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We don't want to put out poisons, and we have tried most everything else with no success:

  • vibrating pegs
  • traps
  • water in the holes
  • pepper

Its to the point where we're ready to pave over the lawn. Has anyone found a method that worked?

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Call Bill Murray : google.com/images?q=Bill+Murray+caddyshack –  jessegavin Mar 3 '11 at 20:55
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Is there a specific reason you are averse to poison? Do you have specific objection to killing them, or is it just an issue of pets/children/etc? –  James Van Huis Mar 3 '11 at 21:01
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Depending on local laws, might I suggest a 17 HMR or 22 rifle? –  Doresoom Mar 3 '11 at 21:15
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I second the rifle depending on where you are. Its lots of work, but can be fun. –  Web Mar 3 '11 at 21:35
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Are you talking about western gophers or moles? Reason for asking is, if moles, a completely different method can be used. –  shirlock homes Mar 4 '11 at 9:56
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4 Answers

I'll echo @shirlock homes and ask for clarification if you are dealing with gophers or moles.

I'm not sure about gophers, but critters like moles will often burrow and tunnel into a yard because the yard is infested with grubs. They're there to eat the grubs. To get rid of the moles you then treat the grub problem and the moles go away.

Check out your yard, look for grubs and other insect infestations.

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+1 for the idea of figuring out why they're coming to your yard and fixing that. That was what finally solved our mole problem. (and got my lawn looking decent for the first time in years... blasted grubs!) –  cabbey Mar 5 '11 at 8:43
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I was watching my lovely lawn being totally destroyed by gophers. I tried all of the non-lethal forms of rodent/gopher control. My association sent the gardeners to treat for gophers and nothing helped; chili powder; noise devices; moth balls and I can't remember everything I tried over approximately a year.

BUT I have totally rid the lawn of gophers by opening up a couple of fresh gopher holes and placing cat feces (from my cat's litter box) down the hole as far as my delivery device will allow. Then I replace the dirt to close the gopher hole.

The cat is a predator of the gopher/rodent and simply scares the gophers away. I suspect you could try this with moles too.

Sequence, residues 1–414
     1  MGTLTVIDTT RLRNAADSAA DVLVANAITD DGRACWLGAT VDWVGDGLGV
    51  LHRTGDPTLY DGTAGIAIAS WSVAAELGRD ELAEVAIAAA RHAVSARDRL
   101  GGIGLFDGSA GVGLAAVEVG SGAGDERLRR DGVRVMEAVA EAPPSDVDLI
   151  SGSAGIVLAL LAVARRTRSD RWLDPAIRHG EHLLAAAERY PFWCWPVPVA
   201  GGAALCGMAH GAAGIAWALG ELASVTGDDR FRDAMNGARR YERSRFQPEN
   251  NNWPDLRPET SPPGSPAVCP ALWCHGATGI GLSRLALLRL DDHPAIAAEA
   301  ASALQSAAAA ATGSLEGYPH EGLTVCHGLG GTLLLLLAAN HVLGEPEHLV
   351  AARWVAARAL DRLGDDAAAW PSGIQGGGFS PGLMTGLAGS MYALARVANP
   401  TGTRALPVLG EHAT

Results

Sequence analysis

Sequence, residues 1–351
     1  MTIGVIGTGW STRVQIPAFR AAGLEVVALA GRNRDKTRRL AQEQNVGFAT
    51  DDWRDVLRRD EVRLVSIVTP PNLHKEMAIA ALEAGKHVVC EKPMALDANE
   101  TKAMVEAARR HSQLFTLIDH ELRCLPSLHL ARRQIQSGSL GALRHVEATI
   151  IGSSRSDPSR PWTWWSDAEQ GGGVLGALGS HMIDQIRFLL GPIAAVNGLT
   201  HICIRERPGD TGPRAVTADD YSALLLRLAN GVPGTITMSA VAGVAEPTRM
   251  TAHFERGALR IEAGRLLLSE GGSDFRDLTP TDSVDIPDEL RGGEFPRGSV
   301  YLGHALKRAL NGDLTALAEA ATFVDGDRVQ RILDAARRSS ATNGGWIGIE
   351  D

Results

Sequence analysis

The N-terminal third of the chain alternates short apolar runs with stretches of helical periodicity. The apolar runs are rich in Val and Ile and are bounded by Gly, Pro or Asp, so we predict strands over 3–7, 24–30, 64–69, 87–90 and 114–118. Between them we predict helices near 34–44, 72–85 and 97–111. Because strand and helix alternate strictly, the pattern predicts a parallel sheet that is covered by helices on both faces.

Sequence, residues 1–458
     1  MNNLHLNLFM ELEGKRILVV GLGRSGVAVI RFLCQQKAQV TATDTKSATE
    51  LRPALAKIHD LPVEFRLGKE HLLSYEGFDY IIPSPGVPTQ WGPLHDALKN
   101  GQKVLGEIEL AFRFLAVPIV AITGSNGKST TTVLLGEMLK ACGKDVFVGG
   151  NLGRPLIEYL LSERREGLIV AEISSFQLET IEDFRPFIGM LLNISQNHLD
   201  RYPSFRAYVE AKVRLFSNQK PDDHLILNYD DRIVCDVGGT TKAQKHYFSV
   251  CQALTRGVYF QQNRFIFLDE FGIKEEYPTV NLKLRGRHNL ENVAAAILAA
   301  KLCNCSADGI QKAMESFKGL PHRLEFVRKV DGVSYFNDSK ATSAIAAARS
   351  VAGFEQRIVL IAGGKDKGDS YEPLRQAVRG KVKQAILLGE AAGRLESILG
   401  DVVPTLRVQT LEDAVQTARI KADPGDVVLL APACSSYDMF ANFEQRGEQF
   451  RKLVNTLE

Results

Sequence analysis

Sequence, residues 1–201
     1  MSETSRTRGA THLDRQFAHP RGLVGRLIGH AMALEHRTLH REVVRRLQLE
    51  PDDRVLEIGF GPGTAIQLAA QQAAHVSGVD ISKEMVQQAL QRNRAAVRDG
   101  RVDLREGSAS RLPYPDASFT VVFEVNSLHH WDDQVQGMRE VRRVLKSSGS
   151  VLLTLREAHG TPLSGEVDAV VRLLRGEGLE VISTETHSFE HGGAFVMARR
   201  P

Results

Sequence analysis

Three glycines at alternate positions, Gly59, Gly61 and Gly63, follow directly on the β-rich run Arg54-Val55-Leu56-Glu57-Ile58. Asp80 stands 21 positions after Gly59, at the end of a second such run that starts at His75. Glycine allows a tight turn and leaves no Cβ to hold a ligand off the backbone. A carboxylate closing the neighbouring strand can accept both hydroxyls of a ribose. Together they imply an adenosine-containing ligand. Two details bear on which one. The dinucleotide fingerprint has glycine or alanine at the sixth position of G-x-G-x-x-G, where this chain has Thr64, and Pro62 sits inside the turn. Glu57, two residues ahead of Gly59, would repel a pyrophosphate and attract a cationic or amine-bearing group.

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I have a friend who swears by Euphorbia Lathyrus (he calls it Mole Purge). It has naturalized itself in his back yard and in flowerbeds at the front of his house, and the only places I've seen molehills are at the extreme edges of the front of his lot.

I assume you're in North America from your use of the word gopher; the Wikipedia page indicates that its natural range is large, so it will probably work in a lot of climates (I'm in USDA zone 6).

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Very interesting solution. Although, take note that the Wikipedia page says the plant is poisonous. Natural poison, not a synthetic chemical though. Still a problem with pets prone to chew on vegetation. –  Doresoom Mar 3 '11 at 23:09
    
@Doresoom: he has dogs, some who graze a lot, and has never had any problems with them chewing on the mole purge. The sap smells pungent, so it might not be attractive to them. –  Niall C. Mar 3 '11 at 23:26
    
Are we talking about moles, gophers, or groundhogs? Most of the time I hear gopher people are referring to what I call a groundhog which are much much bigger than moles. –  Cody C Mar 4 '11 at 15:16
    
Just trying to cover all the bases. With that addressed, I think you've got a great answer. (Also - "some who graze a lot" cracked me up. Our dog regularly comes back into the house with green teeth from eating grass.) –  Doresoom Mar 4 '11 at 19:39
    
Generally it is a bad idea to import items to deal with local pests. The initial effort is generally successful, but the aftereffects sometimes are much worse. Try scaring off with signs of natural predators (cat feces) combined with a reduction in food (grub control). They live there because it's comfy, make it inhospitable. –  Edwin Buck Sep 24 '12 at 14:31
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If it's moles, then one solution is to use mole repellent. It's a granular material that you spread on your lawn and water in.

Apparently, it's primarily castor oil and it, in turn, is eaten by the grubs which then taste bad and the moles move on to other areas.

The catch is you need to 'corral' the gophers out of your yard by spreading and watering in sections as you go to 'push' them out of the yard.

The other catch is if you are in an urban area, you're just pushing the gophers over to your neighbor's yard. So, you may not be seen as a great neighbor. ;)

All that said, a few people mentioned getting rid of the grubs to begin with which never occurred to me. So I think that's my next job...

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